FLATIRON — Thousands of new bikes will be rolling into the city soon as part of a much-anticipated bike-sharing program set to launch next summer.
Transportation Commissioner Janette Sadik-Khan announced Wednesday that Alta Bike Share, the company behind numerous bike-share projects, including the Capital Bike Share in Washington, D.C., will be installing and managing the system, which will include 10,000 bikes parked at hundreds of stations citywide.
"The wheels are definitely in motion for New York's bike-sharing program," said Sadik-Khan, who later joined Deputy Mayor Howard Wolfson and Brooklyn City Councilwoman Letitia James for a demonstration ride around the Flatiron pedestrian plaza — and straight through it at one point.
Under the program, people can either buy an annual membership for around $100, or a weekly or daily pass either at kiosks using their credit cards or online. The price of those passes hasn't been settled on.
Participants can pick up the bikes at any of 600 yet-to-be-determined, solar-powered stations that will stretch from the Upper East and Upper West Sides down through lower Manhattan and into northwest Brooklyn.
Riders can then leave the bikes at other stations near their destinations, so they never have to worry about maintenance or storage.
Officials said the initial phase of the project will concentrate on the central part of the city, although they hope to expand throughout the five boroughs at a later date. The bike model has also not been decided upon.
Sadik-Khan, who has received serious criticism in the past for her department's failure to consult with residents before making changes, stressed that it will be up to communities to decide where they want the stations and whether to put them on sidewalks, in pedestrian plazas, parking lots or public parking spots.
Residents can begin to make suggestions online. As of Wednesday afternoon, several hundred had been received.
As part of the outreach effort, which will include workshops and public meetings, the DOT is taking a model bike-sharing station on the road, so that residents can test the program out for themselves.
"We really want your help in planning the stations," Sadik-Khan stressed.
If their first stop Wednesday was any indication, the program just might be welcomed with open arms.
"This is so cool!" raved Upper West Sider Claire Eddy, 54, who could barely contain her excitement when she stumbled onto the bikes parked in the Flatiron pedestrian plaza.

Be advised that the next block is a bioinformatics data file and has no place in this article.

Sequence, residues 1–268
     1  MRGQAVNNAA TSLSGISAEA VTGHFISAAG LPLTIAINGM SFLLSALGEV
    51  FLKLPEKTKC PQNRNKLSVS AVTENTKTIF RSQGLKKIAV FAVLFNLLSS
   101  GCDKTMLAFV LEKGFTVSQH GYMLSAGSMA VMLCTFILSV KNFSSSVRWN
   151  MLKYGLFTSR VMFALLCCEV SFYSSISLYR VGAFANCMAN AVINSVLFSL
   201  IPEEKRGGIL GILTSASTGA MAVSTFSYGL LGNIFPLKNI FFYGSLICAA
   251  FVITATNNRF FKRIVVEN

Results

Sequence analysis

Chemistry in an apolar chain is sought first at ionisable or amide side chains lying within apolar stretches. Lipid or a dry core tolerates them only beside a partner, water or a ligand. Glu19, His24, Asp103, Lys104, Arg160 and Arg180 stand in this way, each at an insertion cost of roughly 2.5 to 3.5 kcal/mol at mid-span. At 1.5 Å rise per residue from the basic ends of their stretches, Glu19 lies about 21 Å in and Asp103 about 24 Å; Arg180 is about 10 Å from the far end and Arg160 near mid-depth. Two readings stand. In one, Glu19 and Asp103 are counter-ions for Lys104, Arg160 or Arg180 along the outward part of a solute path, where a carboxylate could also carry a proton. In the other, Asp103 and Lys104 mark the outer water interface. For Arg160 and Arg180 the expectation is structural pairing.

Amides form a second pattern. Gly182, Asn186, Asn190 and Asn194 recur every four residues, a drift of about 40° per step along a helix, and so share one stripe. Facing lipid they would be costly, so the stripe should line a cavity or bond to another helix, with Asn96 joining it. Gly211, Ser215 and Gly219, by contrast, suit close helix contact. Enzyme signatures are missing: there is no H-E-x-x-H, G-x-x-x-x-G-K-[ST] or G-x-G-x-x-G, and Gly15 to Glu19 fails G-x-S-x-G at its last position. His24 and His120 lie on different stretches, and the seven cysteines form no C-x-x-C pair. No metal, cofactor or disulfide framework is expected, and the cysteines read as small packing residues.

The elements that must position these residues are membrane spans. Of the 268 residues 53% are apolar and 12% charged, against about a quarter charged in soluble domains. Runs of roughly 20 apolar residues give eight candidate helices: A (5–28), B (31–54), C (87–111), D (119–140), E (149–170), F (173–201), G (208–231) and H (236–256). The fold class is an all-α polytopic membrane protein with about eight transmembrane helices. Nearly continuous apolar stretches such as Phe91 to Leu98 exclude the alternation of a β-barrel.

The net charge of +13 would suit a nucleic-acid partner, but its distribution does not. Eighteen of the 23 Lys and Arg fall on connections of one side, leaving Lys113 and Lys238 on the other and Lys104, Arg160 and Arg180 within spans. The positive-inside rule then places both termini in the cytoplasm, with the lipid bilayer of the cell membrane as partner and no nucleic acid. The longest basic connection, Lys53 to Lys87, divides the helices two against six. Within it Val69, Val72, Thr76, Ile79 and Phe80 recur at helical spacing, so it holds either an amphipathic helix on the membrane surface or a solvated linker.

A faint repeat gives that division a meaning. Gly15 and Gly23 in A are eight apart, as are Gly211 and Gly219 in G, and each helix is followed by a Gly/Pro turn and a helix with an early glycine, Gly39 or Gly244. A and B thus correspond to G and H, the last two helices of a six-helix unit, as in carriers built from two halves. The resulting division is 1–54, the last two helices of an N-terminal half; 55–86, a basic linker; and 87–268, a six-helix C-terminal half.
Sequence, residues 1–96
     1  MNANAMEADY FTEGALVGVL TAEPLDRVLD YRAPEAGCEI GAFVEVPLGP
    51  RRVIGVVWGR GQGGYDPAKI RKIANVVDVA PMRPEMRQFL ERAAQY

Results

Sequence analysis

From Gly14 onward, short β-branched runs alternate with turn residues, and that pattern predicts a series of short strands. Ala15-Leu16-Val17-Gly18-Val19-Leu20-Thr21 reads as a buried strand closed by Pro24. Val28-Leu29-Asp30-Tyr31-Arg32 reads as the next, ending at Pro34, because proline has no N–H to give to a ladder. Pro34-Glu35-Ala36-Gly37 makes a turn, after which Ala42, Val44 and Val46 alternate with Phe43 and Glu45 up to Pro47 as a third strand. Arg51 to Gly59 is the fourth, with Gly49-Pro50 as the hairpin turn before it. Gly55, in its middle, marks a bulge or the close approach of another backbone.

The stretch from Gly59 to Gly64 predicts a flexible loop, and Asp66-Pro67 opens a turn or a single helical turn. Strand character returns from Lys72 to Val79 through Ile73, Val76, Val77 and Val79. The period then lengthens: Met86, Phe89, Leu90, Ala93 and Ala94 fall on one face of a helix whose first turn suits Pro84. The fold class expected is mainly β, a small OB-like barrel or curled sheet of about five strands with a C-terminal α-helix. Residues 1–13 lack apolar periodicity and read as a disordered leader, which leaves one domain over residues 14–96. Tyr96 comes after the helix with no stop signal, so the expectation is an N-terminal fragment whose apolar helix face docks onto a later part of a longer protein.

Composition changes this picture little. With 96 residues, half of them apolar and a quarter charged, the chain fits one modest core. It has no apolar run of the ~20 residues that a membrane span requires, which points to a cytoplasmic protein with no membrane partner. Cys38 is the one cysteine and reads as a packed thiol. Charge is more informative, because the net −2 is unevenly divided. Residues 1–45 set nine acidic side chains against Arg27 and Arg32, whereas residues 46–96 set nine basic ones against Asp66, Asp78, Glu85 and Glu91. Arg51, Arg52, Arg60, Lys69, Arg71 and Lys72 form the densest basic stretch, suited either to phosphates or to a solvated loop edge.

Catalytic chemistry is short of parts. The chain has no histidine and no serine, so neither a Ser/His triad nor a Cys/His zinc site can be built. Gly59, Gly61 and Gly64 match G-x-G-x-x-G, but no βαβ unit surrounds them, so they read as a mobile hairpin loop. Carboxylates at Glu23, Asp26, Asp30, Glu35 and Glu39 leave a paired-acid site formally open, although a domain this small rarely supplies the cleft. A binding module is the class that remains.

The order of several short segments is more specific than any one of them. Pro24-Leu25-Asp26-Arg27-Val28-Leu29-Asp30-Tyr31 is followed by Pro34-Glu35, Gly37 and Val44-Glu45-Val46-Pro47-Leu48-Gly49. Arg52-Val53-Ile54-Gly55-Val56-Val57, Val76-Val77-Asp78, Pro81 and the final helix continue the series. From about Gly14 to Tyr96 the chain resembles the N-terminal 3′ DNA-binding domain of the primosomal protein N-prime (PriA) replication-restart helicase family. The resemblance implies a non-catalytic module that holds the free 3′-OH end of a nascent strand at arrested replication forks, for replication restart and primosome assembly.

She said her son goes to school in Montreal, which has a bike-share program, and that she's always wished the city had one, too.
"Yay! Yay yay yay!" she said, hopping up and down.
Melissa Singer, 52, said she doesn't own a bike, but would definitely start to ride if she could borrow them for a low fee.
"I have been waiting for this," she said, adding that she'd love to see the stations extend all the way to her neighborhood, in Forest Hills, Queens.
John Nichols, 36, said he currently has to schlep his bike up three stories to his East Village apartment because he's afraid to park it on the street.
"It's really exciting," he said of the program, which he said would make him reconsider owning a bike.
Even Working Families Party executive director Dan Cantor applauded the program, telling Wolfson, "I wasn't so sure about [Mayor Bloomberg's] third term, Howard, but this is a pretty good development."
Under the 5-year arrangement with Alta, the company will cover all installation and maintenance costs. Any profits they make from revenue and advertising on the bikes and stations will be split with the city.
To prevent thefts, each bike will be equipped with a GPS unit that will tell the department exactly where each is located, Sadik-Khan said, adding that she doesn't anticipate any problems with vandalism or theft.
The DOT had originally hoped to launch its pilot program this summer, but plans were delayed, reportedly because of resistance from the City Council over the Bloomberg administration's failure to include them in the decision-making process.
The plan was finally given the go-ahead late last week after the administration agreed to hold City Council hearings before the program is up and running, the New York Times reported.
City Council Speaker Christine Quinn said that the Council strongly supports the idea of the bike-share program — just not the city's handling of it.
“We continue to believe that the bike share program should have been subject to a franchise review, but we do appreciate the improvements to the process that the administration has agreed to," she said in a statement. Franchise reviews are used for private companies that want to operate on city land.
City Council Transportation Chair James Vacca also warned that the DOT must make good on its word to keep the public involved.
"The rubber will only hit the road if DOT is totally committed to working with local neighborhoods and Council Members in the siting and implementation of Bike-Share, because these stations are going to take up valuable real estate on our public streets and sidewalks," he said in a statement following the announcement.
A Department of Transportation report in 2009 found the city could see many benefits from a bike-sharing program, including improvements to the environment and people's health.
The report, which emphasized the importance of a large-scale approach in order to maximize convenience and impact, imagined an initial fleet of 10,000 bicycles, spread throughout Manhattan below 81st Street, and in parts of northwest Brooklyn.
The department estimated that the program would require an initial investment of $30 to $40 million, with operation costs running about $22 million a year.
Eventually, authors of the report believed that the program could expand to up to 49,000 bikes across the city.
The city's next demonstration of the bikes in Manhattan will be help Sept. 20 at Union Square from noon to 6 p.m.